Thursday, July 29, 2010

Story and Structure, Part One

I used to do this trick where I’d tell a story, totally impromptu, making it up as I go along. I’d do this performing to a live audience. The general consensus from the feedback I got is that, over time, I got fairly good at it. I haven’t tried it in years, mind, so I don’t know if I still have the knack.

But I’ve been thinking recently about how I did it. I relied on a number of tricks – stylistic language, the rule of three, creative repetition, and a basic, even formulaic, idea of story structure.

I’m going to start with that last one first, because it is actually the most important one for writing. The others are mostly embellishments, so we’ll get to them later.

Usually, in impromptu work, the performer is given a topic or challenge. This does two things: first, it keeps the performer from just telling some already memorized work and second, it gives the performer a starting point. I tended to work from three things, often a character, a place, and an item, which I asked the audience to provide.

So, basic story structure: We start with a hero (character) in an established situation (place) who has something that he or she needs to do (perhaps acquiring or delivering an item). The necessary conflict is generated when doing the necessary thing doesn’t turn out to be easy.

The story is resolved when the hero succeeds. How satisfying the story is depends on how cleverly and how easily the character succeeds.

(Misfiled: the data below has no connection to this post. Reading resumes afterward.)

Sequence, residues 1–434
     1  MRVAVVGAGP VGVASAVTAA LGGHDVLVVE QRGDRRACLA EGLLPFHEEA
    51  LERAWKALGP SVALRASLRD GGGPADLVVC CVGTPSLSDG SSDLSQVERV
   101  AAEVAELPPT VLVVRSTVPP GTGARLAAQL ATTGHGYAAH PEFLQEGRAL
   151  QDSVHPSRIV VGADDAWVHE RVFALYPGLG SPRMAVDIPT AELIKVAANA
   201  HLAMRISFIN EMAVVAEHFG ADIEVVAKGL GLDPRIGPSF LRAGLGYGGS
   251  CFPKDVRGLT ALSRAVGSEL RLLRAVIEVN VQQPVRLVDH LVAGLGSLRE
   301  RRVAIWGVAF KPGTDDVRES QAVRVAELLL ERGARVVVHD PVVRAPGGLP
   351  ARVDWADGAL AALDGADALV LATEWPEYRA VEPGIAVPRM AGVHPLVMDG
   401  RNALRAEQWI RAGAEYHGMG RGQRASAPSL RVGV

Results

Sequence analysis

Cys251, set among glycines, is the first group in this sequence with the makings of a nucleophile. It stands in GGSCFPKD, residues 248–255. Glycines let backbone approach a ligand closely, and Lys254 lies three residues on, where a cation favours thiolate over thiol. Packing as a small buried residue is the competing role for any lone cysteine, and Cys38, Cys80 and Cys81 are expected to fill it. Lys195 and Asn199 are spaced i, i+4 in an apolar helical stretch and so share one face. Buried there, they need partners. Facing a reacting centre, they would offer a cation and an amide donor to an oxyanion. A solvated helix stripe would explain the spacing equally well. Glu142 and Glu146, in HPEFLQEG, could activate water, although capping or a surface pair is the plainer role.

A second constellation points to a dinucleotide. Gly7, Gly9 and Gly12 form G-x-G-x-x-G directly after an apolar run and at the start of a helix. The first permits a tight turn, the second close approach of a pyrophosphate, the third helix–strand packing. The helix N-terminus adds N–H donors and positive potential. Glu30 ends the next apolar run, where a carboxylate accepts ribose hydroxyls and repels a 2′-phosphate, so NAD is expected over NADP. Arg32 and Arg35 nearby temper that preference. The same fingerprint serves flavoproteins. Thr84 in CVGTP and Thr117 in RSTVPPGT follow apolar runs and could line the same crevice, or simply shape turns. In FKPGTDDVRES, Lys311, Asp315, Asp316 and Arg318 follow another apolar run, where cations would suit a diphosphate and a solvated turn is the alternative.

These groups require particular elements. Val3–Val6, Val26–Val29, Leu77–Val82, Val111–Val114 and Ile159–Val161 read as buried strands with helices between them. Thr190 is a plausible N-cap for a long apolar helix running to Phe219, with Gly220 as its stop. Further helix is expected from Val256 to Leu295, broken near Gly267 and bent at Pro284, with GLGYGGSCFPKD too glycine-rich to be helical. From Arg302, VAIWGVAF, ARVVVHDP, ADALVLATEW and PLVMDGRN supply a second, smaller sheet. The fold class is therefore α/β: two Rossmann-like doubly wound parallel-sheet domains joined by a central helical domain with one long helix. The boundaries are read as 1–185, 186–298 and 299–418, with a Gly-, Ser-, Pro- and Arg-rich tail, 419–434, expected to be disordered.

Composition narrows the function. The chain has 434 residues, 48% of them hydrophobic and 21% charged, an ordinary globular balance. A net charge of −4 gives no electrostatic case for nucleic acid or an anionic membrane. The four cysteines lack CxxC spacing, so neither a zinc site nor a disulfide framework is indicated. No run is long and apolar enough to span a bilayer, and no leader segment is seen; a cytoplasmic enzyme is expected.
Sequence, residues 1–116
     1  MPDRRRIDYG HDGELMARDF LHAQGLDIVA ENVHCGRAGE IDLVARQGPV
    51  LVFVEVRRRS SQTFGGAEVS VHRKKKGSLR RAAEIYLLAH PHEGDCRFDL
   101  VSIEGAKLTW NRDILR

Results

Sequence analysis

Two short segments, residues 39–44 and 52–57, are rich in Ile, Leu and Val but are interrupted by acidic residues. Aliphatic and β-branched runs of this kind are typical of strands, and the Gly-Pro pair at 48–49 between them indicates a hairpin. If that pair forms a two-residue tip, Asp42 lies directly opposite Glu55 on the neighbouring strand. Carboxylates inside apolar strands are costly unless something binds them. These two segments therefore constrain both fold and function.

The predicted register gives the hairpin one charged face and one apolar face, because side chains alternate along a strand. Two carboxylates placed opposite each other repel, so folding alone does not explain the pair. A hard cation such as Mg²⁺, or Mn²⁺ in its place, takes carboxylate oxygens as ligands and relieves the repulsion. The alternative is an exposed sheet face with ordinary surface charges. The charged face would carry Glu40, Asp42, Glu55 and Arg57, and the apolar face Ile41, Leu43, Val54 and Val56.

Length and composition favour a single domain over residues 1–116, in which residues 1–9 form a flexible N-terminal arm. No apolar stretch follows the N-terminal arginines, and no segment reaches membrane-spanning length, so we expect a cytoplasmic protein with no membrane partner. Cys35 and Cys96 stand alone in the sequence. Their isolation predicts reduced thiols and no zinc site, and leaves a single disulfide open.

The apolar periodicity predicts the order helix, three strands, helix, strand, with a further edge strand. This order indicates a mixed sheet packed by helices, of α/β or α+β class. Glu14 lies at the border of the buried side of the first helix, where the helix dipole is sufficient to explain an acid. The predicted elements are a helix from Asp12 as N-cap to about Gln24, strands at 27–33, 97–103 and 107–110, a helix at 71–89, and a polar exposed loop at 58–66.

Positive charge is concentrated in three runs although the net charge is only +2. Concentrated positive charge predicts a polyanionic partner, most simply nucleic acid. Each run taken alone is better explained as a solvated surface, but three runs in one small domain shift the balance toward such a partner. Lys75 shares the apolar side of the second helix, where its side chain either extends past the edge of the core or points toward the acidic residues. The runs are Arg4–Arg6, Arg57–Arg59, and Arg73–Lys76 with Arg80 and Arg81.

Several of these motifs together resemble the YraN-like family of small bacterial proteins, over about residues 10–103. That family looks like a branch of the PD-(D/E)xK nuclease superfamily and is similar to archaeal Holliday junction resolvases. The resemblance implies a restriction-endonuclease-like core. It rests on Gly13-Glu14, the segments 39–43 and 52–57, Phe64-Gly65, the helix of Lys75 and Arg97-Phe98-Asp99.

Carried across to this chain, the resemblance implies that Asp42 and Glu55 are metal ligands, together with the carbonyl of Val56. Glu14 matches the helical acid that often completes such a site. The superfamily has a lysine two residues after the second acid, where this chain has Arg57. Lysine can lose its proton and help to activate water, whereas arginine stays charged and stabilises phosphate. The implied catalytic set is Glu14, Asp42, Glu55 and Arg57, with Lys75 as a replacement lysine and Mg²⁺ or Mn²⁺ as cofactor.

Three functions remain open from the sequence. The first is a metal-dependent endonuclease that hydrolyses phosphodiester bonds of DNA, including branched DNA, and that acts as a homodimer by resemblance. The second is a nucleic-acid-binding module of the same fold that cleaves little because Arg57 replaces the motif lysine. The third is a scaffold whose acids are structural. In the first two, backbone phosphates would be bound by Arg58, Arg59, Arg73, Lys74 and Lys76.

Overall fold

And that’s where the rule of three comes in, which I’ll explain next time.

Thursday, July 22, 2010

The Assumption of Adventuring

I like my action/adventure stories. Indiana Jones, Lord of the Rings, superheroes, all that. But the average citizen, of course, is not an adventurer. In fact, adventuring is an odd thing to do.

Part of the classic Hero’s Journey formula is the Call to Arms – the point when the protagonist is given the incentive to leave the ordinary world and venture out into the extraordinary one. There has to be a reason for Luke Skywalker to leave the farm.

But apparently not always. I was watching an old 1970’s Sinbad movie the other day (Ray Harryhausen!) and I noticed that adventuring was just pretty much what Sinbad did. It was assumed from the beginning.

Remember the first Indiana Jones film? We see Indy the Adventurer first – dodging traps and running from hostile natives. If the movie started with Professor Jones in his classroom, the penchant for whips and leather would seem a lot odder. We’d want to know how this tweedy teacher got to be a two-fisted action hero type in his off hours. By establishing his hero identity first, the film neatly skipped over the question of how he is drawn into the adventuring life.

My point? I guess it is about predicting what your audience will accept. Since adventuring is not a normal profession, it raises questions. The classic formula provides one answer, but not the only answer.

Tuesday, July 13, 2010

Practice makes…

It occurs to me that just about every book I’ve ever read about the craft of writing invariably includes the advice, “Write. Just write. Just do it.” It’s a matter of discipline. Good intentions don’t write stories. Writers write stories.